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Antarctic Octopus Living Testament To Global Warming

Posted on 9 April 2013 by Daniel Bailey

Tell me, O Octopus, I begs
Is those things arms, or is they legs?
I marvel at thee, Octopus;
If I were thou, I'd call me Us.
-Ogden Nash

The octopus, formerly known as both a delicacy food item and for being thrown onto the ice at hockey games, now has a new recognition: a living testament to the effects of global warming.

Genetic information from an Antarctic octopus species adds to a growing body of evidence of at least a partial collapse of the West Antarctic Ice Sheet (WAIS) during a previous interglacial period (like during the Eemian interglacial some 125,000 years ago).

Click to enlarge

Turquet’s octopus.  Image courtesy of the University of Liverpool

Members of Turquet’s octopuses (pictured) tend to live in one place and only move to escape predators. This led to the understanding that specimens from areas on either side of Antarctica would be genetically different. What scientists found after examining specimens from each side of the WAIS was that both populations were genetically nearly identical.

Dr Phill Watts, from the University’s Institute of Integrative Biology, explains: "We expected to find a marked difference between Turquet’s octopuses living in different regions of the ocean, particularly between areas that are currently separated by approximately 10,000 km of sea. These creatures don’t like to travel and so breeding between the populations in the Ross and Weddell Seas [now separated by those 10,000 km of ocean] would have been highly unusual."


To check, scientists examined data on octopuses from other parts of Antarctica, not separated by this particular ice sheet. What they found was that the depth of the ocean and its currents limited the movement of the octopus in certain areas, as would have been expected for those living on either side of the West Antarctic Ice sheet. This added further evidence that at some point in recent history the WAIS might have collapsed.

Dr Louise Allcock, from the National University of Ireland, Galway, added: "A previous study has shown evidence that the Ross and Weddell Seas could have been connected. We wanted to investigate whether there was any genetic information that could tell us what the past environment could have been like, and this octopus species, with its large populations around the region and limited movements, was an ideal species to use."

"The fact that we found more similarities than we did differences supports the theory that the WAIS could have collapsed in the past. It also provides further evidence that scientists should continue to raise awareness about the impact of climate change on Antarctica today."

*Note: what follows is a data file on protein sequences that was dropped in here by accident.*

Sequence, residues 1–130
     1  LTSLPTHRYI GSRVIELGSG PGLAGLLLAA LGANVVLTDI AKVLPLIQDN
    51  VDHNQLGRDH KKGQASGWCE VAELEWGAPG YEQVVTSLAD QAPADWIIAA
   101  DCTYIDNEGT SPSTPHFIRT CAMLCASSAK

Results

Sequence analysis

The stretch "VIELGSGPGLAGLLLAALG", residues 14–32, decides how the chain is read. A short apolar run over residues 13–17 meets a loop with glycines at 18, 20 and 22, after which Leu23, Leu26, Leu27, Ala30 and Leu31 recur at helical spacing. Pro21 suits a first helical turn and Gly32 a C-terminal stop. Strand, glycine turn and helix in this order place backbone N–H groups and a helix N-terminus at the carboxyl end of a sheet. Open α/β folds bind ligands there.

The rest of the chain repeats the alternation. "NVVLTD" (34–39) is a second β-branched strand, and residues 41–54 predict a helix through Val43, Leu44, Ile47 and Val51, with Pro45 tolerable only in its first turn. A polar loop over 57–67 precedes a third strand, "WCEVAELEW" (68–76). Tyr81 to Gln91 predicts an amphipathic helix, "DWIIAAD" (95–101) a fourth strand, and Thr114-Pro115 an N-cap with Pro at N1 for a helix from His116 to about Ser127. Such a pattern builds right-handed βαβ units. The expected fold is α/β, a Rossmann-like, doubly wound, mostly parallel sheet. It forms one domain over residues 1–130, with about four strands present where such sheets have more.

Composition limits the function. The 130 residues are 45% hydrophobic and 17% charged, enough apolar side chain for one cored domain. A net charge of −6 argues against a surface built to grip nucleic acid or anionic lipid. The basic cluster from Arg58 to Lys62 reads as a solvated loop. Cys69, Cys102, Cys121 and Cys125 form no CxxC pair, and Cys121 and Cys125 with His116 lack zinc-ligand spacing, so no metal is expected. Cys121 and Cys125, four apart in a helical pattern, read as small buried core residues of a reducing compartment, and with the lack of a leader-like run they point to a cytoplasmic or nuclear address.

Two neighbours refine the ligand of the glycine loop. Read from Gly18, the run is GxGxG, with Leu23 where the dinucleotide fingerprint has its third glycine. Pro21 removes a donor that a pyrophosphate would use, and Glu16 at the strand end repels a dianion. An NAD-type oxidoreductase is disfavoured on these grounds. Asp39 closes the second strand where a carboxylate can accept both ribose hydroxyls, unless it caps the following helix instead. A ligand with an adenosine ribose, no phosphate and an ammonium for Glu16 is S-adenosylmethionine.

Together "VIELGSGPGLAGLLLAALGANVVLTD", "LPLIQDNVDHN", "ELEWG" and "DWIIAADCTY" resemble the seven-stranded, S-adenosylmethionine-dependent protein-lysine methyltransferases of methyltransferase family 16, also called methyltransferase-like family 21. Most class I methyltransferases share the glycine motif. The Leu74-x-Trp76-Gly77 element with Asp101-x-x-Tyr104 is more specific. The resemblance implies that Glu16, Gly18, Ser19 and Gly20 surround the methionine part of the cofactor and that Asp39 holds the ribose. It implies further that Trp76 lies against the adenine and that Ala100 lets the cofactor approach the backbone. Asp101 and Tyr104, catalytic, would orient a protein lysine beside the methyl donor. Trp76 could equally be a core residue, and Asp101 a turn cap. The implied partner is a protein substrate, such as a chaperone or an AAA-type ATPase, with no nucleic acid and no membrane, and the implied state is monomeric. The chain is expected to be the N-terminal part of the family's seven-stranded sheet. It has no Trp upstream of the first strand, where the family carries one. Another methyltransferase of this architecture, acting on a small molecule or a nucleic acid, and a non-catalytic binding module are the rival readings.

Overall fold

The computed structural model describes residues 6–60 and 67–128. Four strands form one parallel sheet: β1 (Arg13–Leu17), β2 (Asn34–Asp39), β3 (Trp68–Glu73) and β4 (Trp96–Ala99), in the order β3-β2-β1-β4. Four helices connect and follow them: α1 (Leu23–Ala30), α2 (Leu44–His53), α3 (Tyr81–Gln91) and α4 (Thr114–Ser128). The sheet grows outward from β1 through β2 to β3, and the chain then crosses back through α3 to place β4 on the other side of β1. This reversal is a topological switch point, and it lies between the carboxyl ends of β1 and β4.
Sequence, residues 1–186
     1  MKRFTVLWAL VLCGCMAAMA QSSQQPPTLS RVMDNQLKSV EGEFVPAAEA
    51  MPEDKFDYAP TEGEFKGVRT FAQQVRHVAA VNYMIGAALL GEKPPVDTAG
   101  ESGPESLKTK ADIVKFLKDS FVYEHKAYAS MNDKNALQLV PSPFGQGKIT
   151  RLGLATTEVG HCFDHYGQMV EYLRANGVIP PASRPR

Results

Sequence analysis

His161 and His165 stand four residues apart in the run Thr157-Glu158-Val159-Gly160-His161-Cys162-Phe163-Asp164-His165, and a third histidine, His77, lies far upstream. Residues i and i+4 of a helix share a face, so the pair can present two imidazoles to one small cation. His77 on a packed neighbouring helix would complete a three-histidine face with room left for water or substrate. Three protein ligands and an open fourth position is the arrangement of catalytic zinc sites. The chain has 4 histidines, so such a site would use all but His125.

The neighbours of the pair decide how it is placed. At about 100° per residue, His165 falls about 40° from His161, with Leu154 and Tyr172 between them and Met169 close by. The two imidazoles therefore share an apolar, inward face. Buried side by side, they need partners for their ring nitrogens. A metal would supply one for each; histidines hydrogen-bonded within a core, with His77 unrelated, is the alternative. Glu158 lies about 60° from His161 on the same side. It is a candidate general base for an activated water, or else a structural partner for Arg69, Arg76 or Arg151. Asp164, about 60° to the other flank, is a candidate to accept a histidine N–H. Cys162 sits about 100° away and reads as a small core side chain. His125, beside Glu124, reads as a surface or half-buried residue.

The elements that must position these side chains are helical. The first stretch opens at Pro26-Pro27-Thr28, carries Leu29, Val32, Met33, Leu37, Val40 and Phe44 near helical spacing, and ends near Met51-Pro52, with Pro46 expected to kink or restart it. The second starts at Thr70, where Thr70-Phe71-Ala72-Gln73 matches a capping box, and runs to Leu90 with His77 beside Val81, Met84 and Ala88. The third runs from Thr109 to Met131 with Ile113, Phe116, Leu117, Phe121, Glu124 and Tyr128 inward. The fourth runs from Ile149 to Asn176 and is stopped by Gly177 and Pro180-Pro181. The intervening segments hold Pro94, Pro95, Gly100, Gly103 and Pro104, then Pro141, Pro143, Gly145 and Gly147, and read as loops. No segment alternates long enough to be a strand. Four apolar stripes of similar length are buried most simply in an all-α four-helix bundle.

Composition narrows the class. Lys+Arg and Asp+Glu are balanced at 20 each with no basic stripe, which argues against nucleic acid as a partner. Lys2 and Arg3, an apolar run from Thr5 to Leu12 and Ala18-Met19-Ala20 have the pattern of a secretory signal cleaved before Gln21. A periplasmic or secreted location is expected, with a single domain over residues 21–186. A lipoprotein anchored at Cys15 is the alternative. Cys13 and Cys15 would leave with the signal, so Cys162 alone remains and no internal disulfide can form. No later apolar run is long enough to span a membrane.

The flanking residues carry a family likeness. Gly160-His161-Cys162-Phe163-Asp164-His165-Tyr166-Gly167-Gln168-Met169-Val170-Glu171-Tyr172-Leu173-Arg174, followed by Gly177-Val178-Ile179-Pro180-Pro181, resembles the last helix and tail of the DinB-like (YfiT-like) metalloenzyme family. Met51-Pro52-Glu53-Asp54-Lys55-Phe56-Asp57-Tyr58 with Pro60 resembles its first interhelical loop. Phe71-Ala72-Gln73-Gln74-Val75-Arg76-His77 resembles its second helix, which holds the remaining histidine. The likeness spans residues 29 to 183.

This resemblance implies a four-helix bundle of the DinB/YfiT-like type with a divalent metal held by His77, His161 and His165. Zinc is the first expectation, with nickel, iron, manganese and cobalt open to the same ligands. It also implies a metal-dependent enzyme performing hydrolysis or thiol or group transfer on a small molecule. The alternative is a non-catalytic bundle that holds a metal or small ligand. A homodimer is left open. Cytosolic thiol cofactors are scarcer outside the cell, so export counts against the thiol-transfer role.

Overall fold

So what is the supporting evidence from other studies?

Yin et al 2011 show that warming ocean currents can undercut polar ice sheets. The results from Hellmer et al 2012 include that these warming currents could increase ice mass losses from 80 gigatons per year to over 1,600 gigatons per year, just in the area of the Filchner-Ronne Ice Shelf alone. Further, a newly discovered basin underlying the WAIS at the head of the Filchner-Ronne Ice Shelf (Ross et al 2012), serves to highlight the inherent weakness represented by this weak underbelly of the WAIS.

The evidence on the Amundsen Sea side of the WAIS tells a similar tale. Marcott et al 2011 examined evidence from previous episodes of ice sheet deglaciation and found that warming oceanic currents can penetrate ice sheets and shelves, helping to trigger rapid deglaciation events. Jacobs et al 2012 show that warming ocean currents are already undercutting the ice sheets and shelves in the area, allowing water as warm as 4°C to reach the grounding lines of the ice. Additionally, the ice shelves in the area are losing their grips on their anchor points and are tearing themselves apart in the process (MacGregor et al 2012).

Looking at further evidence from previous interglacials, work by Grant et al 2012 found a rapid coupling between ice volume and polar temperatures over the past 150,000 years, including that the timing of ice volume fluctuations agrees well with that of variations in Antarctic climate and that the amplitudes of ice volume fluctuations closely match Antarctic climate changes.

Researching an earlier interglacial (MIS 11 from about 400,000 years ago), Raymo and Mitrovica 2012 found that the West Antarctic Ice Sheet collapsed during that protracted warm period. Evidence from the NEEM Community Members study (2013) shows that during the Eemian interglacial, the Greenland Ice sheet could not have contributed much more than 1 meter of the 6-8 meters of sea level rise known to have occurred at that time.

That leaves the WAIS as the likeliest source for the remaining 4-6 meters of sea level rise known to have occurred during the Eemian interglacial. It is this collapse of the WAIS that paved the way for an opportunistic octopus species to thrive, via adaptation to a changing climate. Like the changing climate that we face today.

Credit an obscure species of octopus for the inspiration for this post.

Reference Sources